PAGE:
Upper respiratory tract infection and otitis media are clinically and microbiologically associated


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Hanan Raheem Hassooni Samih Faiq Fadhil Raed M. Hameed Adil Hassan Alhusseiny Saad Ahmed Ali Jadoo https://orcid.org/0000-0003-4901-1264

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Abstract

Background: Although a significant improvement has been achieved in term of antibiotic acre, otitis media (OM) continues to be a worldwide health problem that may develop a serious complications. This study aimed to detect the growth of organisms and to find out the most susceptible factors related to OM among Iraqi population.


Methods: A cross-sectional prospective study was conducted at the out-patient department (OPD) of Ear, Nose and Throat (ENT) at the Baquba teaching hospital at the Faculty of medicine, Diyala University from November 2017 to March 2018. A total of 300 ear samples collected from 87 (29.0%) patients of acute otitis media (AOM), 104 (34.7%) patients of otitis media with effusion (OME) and 109 (36.3%) patients of chronic otitis media (COM). A standard microbiological procedures were recruited to investigate the samples using aerobic and anaerobic culture methods.


Results: The highest incidence of OM 218 (72.7%) was observed among age group of less than ten years old. The most common bacteria isolated were Pseudomonas aeruginosa (35.0%), Staphylococcus aureus (25.0%), Proteus spp. (24.0%), Escherichia coli (7.0%) Streptococcus pneumonia (6.0%), Klebsiella pneumonia (2.0%) and Streptococcus pyogenes (1.0%). It was found that upper respiratory infection (URTI), adenoid inflammation with (URTI), adenoid inflammation, the practices of complementary and alternative medicine (CAM), and the accident or trauma are the main factors related to OM in about (42.0%), (31.0%), (11.0%), (10.0%) and (6.0%) of cases respectively.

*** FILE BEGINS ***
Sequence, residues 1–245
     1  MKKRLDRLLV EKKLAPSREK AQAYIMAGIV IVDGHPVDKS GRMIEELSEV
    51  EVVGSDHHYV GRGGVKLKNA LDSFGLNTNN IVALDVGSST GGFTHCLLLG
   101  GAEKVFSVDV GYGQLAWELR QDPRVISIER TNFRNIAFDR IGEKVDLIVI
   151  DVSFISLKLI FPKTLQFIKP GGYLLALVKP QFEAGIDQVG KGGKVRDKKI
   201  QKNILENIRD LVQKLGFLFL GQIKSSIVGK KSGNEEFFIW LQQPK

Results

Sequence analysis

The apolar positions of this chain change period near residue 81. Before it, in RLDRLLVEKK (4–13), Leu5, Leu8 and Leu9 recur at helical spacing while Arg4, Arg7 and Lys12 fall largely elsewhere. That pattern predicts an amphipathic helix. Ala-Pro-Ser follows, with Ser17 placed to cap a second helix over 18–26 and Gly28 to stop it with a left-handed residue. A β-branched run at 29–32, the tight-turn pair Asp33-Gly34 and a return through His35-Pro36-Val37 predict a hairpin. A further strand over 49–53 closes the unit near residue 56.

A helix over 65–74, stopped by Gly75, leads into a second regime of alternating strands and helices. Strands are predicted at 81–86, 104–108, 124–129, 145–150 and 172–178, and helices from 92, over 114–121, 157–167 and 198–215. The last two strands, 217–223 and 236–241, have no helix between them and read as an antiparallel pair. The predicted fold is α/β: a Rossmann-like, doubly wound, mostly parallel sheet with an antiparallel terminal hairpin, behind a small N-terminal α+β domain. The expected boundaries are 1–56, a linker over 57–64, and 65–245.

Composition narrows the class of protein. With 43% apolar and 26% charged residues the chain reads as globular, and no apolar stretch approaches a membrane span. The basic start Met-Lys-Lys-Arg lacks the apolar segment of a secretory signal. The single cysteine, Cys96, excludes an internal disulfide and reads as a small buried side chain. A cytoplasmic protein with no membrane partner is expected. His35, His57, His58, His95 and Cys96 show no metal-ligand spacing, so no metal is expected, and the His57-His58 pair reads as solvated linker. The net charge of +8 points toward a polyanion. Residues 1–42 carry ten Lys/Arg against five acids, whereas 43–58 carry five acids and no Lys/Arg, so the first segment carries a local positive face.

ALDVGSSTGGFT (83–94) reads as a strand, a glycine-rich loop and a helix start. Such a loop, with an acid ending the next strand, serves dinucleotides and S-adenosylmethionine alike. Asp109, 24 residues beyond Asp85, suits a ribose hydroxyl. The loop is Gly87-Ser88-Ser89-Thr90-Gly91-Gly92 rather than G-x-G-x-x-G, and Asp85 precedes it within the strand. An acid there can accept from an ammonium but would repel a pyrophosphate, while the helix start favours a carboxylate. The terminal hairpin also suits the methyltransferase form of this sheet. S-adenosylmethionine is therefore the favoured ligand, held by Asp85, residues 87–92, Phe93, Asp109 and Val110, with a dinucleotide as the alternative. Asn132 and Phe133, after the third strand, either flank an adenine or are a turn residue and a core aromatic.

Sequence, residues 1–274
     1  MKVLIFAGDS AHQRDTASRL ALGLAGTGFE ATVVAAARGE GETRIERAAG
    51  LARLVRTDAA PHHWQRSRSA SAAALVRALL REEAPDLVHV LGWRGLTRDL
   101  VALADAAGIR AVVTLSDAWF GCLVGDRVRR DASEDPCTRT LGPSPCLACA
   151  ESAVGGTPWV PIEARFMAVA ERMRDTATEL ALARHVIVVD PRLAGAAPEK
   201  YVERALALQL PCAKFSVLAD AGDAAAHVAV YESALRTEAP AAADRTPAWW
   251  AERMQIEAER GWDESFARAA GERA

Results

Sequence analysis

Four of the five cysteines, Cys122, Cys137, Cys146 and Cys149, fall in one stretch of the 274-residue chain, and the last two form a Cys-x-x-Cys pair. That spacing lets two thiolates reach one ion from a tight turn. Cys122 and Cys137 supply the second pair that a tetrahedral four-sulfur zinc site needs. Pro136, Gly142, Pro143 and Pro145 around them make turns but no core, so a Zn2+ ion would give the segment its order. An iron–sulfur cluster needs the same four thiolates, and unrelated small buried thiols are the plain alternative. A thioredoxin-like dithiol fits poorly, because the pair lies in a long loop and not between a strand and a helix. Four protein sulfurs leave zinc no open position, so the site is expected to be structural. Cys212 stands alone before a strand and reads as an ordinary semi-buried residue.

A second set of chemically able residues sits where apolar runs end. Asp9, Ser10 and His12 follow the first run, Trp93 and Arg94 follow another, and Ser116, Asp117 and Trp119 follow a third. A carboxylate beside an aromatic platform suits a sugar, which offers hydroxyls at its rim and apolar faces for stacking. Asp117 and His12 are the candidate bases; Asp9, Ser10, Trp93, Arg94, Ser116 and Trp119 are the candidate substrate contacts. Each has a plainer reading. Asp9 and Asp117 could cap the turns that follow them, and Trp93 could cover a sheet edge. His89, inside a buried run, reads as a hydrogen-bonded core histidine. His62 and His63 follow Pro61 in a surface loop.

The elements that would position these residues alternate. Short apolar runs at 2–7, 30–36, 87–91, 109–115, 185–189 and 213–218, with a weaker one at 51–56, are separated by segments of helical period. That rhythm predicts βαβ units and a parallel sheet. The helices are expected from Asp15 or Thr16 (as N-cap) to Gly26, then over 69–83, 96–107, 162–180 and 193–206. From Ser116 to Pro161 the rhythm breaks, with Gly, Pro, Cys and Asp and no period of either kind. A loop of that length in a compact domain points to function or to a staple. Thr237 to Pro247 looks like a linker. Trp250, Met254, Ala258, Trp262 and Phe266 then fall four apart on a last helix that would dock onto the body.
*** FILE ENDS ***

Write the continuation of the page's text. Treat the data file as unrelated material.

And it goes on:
Conclusion: Our findings suggest that OM was effectively related to URTI and adenoid inflammation with (URTI) in about 73.0% of cases. More attention should be given to early diagnosis and treatment of URTI before progressing to undesirable OM.  



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How to Cite
1.
Hassooni H, Fadhil S, Hameed R, Alhusseiny A, Ali Jadoo SA. Upper respiratory tract infection and otitis media are clinically and microbiologically associated. jidhealth [Internet]. 2Jul.2018 [cited 20Mar.2019];1(1):29-3. Available from: https://www.jidhealth.com/index.php/jidhealth/article/view/7
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